The Captain Was a Doctor: The Long War and Uneasy Peace of POW John Reid

The Captain Was a Doctor: The Long War and Uneasy Peace of POW John Reid

by Jonathon Reid
The Captain Was a Doctor: The Long War and Uneasy Peace of POW John Reid

The Captain Was a Doctor: The Long War and Uneasy Peace of POW John Reid

by Jonathon Reid


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A Canadian medical officer and prisoner of war returns from the Second World War a hero — and a very different man.
In August 1941, John Reid, a young Canadian doctor, volunteered to join the Royal Canadian Army Medical Corps with four friends from medical school. After five weeks of officer training in Ottawa, Reid took an optional two-week course in tropical medicine, a choice which sealed his fate. Assigned to “C” Force, the two Canadian battalions sent to reinforce “semi-tropical” Hong Kong, he was among those captured when the calamitous Battle of Hong Kong ended on Christmas Day.

After a year in Hong Kong prison camps, Reid was chosen as the only officer to accompany 663 Canadian POWs sent to Japan to work as slave labourers. His efforts over the next two and a half years to lead, treat, and protect his men were heroic. He survived the war, but finding a peace of his own took ten tumultuous years, with casualties of a different sort. He would never be the same.

Product Details

ISBN-13: 9781459747210
Publisher: Dundurn Press
Publication date: 11/17/2020
Pages: 480
Product dimensions: 5.50(w) x 8.50(h) x 1.00(d)

About the Author

Jonathon Reid has worked as a filmmaker, English teacher, freelance writer, magazine editor, and partner in a magazine publishing firm. He lives in Toronto.

Read an Excerpt

Chapter Three: Canada’s Turn to Help: The “C” Force Mission

In July 1940, the Reids rented a flat in “The Pasadena,” a two-storey, California-style apartment building near the corner of West 11th Avenue and Hemlock Street, a 10-minute walk to Vancouver General Hospital, where Reid was doing his residency.

Jean found life in Vancouver an adjustment. Reid was busy at the hospital, often day and night. She was far from family and friends, and the sometimes endless grey or rainy days could be dispiriting, much like the war news. A fear of heights inherited from her father made the looming North Shore Mountains an unsettling barrier rather than an inviting prospect (even driving across the newly opened Lions Gate Bridge took a summoning of nerve). On her own much of the time, finding ways to make new friends didn’t come easily. Extremely happy in her life with Jack yet not entirely at home in Vancouver, Jean kept house, tried new recipes, wrote letters, went for walks, and painted.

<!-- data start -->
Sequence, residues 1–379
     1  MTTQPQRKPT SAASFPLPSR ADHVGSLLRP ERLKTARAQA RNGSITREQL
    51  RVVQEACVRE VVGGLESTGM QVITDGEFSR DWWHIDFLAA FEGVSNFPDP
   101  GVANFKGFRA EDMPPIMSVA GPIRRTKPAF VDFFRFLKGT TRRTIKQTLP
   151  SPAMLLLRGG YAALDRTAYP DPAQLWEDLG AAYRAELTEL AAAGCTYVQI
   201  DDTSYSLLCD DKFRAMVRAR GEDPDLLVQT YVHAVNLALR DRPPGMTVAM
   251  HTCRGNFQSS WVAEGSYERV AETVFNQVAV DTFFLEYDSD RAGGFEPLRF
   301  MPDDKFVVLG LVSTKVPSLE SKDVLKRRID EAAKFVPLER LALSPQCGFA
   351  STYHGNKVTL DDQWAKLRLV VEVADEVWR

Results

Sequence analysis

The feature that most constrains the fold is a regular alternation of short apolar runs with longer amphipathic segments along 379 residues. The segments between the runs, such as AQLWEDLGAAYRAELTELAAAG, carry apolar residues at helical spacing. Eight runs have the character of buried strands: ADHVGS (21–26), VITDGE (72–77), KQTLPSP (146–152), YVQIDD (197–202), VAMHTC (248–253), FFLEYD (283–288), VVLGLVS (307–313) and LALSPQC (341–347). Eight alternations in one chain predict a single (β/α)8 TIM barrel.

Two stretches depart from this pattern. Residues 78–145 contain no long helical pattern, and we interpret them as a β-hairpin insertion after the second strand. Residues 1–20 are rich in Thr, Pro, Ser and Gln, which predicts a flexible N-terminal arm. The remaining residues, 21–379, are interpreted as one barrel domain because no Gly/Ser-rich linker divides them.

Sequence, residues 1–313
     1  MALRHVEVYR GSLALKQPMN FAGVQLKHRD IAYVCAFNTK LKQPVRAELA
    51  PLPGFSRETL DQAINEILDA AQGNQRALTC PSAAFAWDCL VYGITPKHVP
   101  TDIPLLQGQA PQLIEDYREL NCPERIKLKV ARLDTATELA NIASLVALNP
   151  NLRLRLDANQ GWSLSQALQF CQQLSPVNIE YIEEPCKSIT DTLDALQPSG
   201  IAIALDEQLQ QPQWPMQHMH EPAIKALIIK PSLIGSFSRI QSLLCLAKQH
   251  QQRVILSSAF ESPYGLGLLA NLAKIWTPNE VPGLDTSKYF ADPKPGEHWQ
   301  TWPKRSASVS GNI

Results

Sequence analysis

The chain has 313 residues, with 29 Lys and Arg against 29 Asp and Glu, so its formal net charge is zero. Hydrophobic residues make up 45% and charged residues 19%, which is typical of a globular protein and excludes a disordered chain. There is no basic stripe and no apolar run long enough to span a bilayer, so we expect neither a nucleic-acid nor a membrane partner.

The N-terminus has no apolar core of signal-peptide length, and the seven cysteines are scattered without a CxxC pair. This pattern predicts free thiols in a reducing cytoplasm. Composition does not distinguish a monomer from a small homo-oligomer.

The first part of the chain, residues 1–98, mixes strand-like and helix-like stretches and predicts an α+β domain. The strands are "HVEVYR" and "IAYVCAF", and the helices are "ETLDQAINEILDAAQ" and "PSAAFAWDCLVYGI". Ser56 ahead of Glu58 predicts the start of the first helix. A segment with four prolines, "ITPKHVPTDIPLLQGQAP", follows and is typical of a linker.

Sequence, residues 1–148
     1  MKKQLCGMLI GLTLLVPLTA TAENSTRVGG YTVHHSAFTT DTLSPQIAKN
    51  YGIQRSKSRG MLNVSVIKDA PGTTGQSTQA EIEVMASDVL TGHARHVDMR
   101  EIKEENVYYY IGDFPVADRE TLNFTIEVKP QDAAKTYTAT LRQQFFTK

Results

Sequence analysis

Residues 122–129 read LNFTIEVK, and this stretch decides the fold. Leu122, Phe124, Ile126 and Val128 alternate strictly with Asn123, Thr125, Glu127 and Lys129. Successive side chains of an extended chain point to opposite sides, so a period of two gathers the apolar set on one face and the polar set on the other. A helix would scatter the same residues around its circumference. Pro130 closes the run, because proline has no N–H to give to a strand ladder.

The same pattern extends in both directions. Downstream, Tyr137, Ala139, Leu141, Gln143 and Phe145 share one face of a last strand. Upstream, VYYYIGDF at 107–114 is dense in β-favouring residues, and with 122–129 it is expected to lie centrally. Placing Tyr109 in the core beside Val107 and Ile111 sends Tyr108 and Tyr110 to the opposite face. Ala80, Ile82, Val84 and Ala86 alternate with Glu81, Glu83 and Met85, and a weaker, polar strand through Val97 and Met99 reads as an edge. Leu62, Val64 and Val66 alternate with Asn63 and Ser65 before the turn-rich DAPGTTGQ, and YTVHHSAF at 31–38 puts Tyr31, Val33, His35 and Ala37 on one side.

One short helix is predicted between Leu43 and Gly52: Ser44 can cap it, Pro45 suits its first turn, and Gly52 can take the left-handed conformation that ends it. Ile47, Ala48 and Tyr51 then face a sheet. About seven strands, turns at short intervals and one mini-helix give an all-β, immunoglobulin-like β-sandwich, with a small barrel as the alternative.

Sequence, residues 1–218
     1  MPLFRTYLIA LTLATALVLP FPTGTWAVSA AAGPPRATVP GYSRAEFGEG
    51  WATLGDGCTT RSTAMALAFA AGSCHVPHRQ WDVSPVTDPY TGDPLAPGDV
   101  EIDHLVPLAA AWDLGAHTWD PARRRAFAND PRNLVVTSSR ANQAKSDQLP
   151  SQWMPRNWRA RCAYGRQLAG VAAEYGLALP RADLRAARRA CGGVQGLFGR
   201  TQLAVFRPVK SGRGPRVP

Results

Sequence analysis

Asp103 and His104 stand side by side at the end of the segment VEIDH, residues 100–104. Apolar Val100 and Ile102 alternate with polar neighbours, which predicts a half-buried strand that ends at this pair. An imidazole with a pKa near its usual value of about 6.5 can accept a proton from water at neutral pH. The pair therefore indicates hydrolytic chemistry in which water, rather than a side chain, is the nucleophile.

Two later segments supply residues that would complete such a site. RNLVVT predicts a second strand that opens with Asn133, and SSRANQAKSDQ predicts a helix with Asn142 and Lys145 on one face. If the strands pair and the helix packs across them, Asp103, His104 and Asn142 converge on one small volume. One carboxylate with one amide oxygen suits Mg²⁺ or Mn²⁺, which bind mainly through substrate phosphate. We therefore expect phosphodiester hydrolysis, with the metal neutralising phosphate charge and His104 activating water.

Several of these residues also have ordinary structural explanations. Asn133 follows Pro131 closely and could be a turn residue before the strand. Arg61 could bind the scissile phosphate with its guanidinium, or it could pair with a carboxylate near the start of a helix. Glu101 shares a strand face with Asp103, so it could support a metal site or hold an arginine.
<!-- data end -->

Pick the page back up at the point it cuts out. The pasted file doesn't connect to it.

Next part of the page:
For Reid, this residency year seems to have been entirely positive. Work at Vancouver General was a stimulating change. The dramatic locale — ocean, beaches, mountains, and sky — offered a sense of openness and freedom that the gentler, insulated countryside of Southern Ontario lacked. The more relaxed West Coast life, after the provincial stuffiness of Toronto, appealed to him. Medical colleagues who liked to extol to newcomers the virtues of the setting — the ocean playground, the rarity of city snow, year-round golf, Vancouver festooned with cherry blossoms in March — were in Reid’s case soon preaching to a convert.

Chief among the friends he made in Vancouver during his residency was Dr. Lyall Hodgins, founding partner of The Clinic, a private medical facility established on Seymour Street in 1937 whose doctors had privileges at Vancouver General Hospital. Hodgins, whose clinic was the first of its kind in western Canada, became a close friend and mentor of Reid, and by the spring of 1941, a prospective partner in practice. Although Reid was planning to enlist in the Royal Canadian Army Medical Corps after his residency, Hodgins offered him a job at The Clinic, a position that would be waiting for him whenever he returned from his war service. When the Reids left Vancouver for Toronto in June 1941, “J.A. Reid, M.D.” had been added to The Clinic’s letterhead, Hitler was invading Russia with three million Nazi troops, and the United States was about to place an embargo on all oil and gasoline exports to Japan following Japan’s occupation of French Indochina. If the embargo remained in place, Japan’s warlords planned to strike south from China and take control of oil-rich North Borneo, the Dutch East Indies, and everything in between.